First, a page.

The Blueprint

Is It Time to Invest In Gold?

Aug 2020

Inflation Concerns Are Heating Up

Considering there has been large fiscal and monetary stimulus injected into the economy in recent months, a lot of attention has been paid to the potential for inflation. Since inflation can bring significant risks to any portfolio, many investors have been looking at gold to serve as an inflation hedge in their portfolios. Our article seeks to answer the growing question, “Is it time to invest in gold?”

The unique relationship between the stock market and gold has made this asset class an important diversifier for long term investors. Historically, during periods of high market volatility gold prices and stock prices move inversely. This is because investors tend to flock to “safe haven” assets such as gold when markets look risky, pushing these prices higher. Due to this relationship, investors often consider gold a suitable hedge against weak performance in the stock market.

S&P 500 Vs. Gold

Source: Ycharts 11/19/2004-7/3-/2020, References to indexes and benchmarks are hypothetical illustrations of aggregate returns and do not reflect the performance of any actual investment. Investors cannot invest in an index and do not reflect the deduction of the advisor’s fees or other trading expenses. There can be no assurance that current investments will be profitable. Actual realized returns will depend on, among other factors, the value of assets and market conditions at the time of disposition, any related transaction costs, and the timing of the purchase.

Recently, the interest around gold has come in the form of maintaining purchasing power. This is becoming a much more topical discussion due to the amount of money that has been printed by the Federal Reserve. The Federal Reserve’s balance sheet currently stands at approximately $7 trillion. It took nearly one hundred years of the Fed’s existence to grow their debt to $3.8 trillion and only 4 months to get to $7 trillion. 1

Gold Preserves It’s Buying Power

Source: GoldEagle, Current Price of Gold Today, AAA Gas Prices, National Average Gas Prices, BLS, Average Price Data, Kelley Blue Book, Average New Vehicle Prices, CNBC, How Much the Average House Costs in 2020, Education Data, Average Cost of College [2020] 05/2020 – 08/2020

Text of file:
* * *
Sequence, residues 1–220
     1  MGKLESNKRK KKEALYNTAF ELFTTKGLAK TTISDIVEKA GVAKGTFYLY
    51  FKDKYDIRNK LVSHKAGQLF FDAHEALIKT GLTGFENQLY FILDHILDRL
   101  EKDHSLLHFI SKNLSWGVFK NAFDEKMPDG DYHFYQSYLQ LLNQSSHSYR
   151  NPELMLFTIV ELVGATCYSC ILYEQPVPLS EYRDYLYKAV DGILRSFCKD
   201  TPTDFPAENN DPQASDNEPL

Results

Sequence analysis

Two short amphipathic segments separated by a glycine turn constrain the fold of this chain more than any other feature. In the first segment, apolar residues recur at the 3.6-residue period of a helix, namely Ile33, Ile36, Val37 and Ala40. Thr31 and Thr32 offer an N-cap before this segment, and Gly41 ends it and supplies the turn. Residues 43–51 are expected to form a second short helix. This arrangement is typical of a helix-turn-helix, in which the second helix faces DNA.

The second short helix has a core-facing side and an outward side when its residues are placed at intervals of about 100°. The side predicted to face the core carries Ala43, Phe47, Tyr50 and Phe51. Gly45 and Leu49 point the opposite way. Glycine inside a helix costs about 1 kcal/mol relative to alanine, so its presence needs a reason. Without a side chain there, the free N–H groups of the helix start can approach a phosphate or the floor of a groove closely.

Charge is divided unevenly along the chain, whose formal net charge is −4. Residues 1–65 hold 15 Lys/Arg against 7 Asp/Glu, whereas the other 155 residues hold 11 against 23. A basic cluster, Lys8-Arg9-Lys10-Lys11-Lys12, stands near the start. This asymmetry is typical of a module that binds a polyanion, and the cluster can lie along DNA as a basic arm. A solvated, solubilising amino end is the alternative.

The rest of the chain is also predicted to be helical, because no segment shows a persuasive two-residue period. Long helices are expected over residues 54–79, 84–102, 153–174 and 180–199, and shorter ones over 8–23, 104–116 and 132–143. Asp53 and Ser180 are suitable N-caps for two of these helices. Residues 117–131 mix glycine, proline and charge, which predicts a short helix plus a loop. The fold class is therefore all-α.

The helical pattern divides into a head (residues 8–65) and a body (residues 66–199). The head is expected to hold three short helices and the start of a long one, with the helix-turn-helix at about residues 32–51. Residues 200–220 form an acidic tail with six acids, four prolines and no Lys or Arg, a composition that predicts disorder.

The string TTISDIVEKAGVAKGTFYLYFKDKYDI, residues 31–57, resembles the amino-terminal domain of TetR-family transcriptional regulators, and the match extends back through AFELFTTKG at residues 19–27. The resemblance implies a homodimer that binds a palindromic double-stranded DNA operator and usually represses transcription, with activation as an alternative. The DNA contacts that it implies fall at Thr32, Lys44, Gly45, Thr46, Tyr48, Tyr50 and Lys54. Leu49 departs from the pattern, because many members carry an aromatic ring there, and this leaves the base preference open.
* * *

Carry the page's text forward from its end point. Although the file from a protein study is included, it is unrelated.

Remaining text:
Recently, Jim Reid, Deutsche Bank’s top credit strategist, suggested that in his opinion, “fiat money will be a passing fad in the long-term history of money.” Reid states that in his view, “central bank balance sheets will explode in the decade ahead and probably beyond.” This perspective would support why gold is an important long-term asset class. Historically, when there is so much money being put into circulation, the value of that currency (in this case, the US dollar) starts to depreciate. As a result, investors are re-evaluting their portfolios and initiating allocations to gold.

Typically, investors allocate about 1-5% of their portfolio to gold.2 If this mindset begins to shift, even modestly, it could provide a massive amount of demand into the gold market. Although, under modern monetary theory the Federal Reserve can print an infinite amount of money, the production of gold is limited to what can be physically mined. So, if money starts flowing into an asset class with a constrained supply, like gold, the inherent result could push prices higher. Therefore, one can imagine the impact if pensions, global central banks, and retirement plans start to increase their allocations to gold. However, we remind our clients that we invest in gold as a hedge to protect against inflation and weakness in the dollar. We continue to believe the long-term growth for most clients will come from an appropriate allocation to equities (both domestic and international).

Correlation of Gold vs. S&P 500, Nasdaq, and Dow Jones

Source: Ycharts 1/1/2020-6/24/2020
Past results are not indicative of future returns. References to indexes and benchmarks are hypothetical illustrations of aggregate returns and do not reflect the performance of any actual investment. Investors cannot invest in an index and do not reflect the deduction of the advisor’s fees or other trading expenses.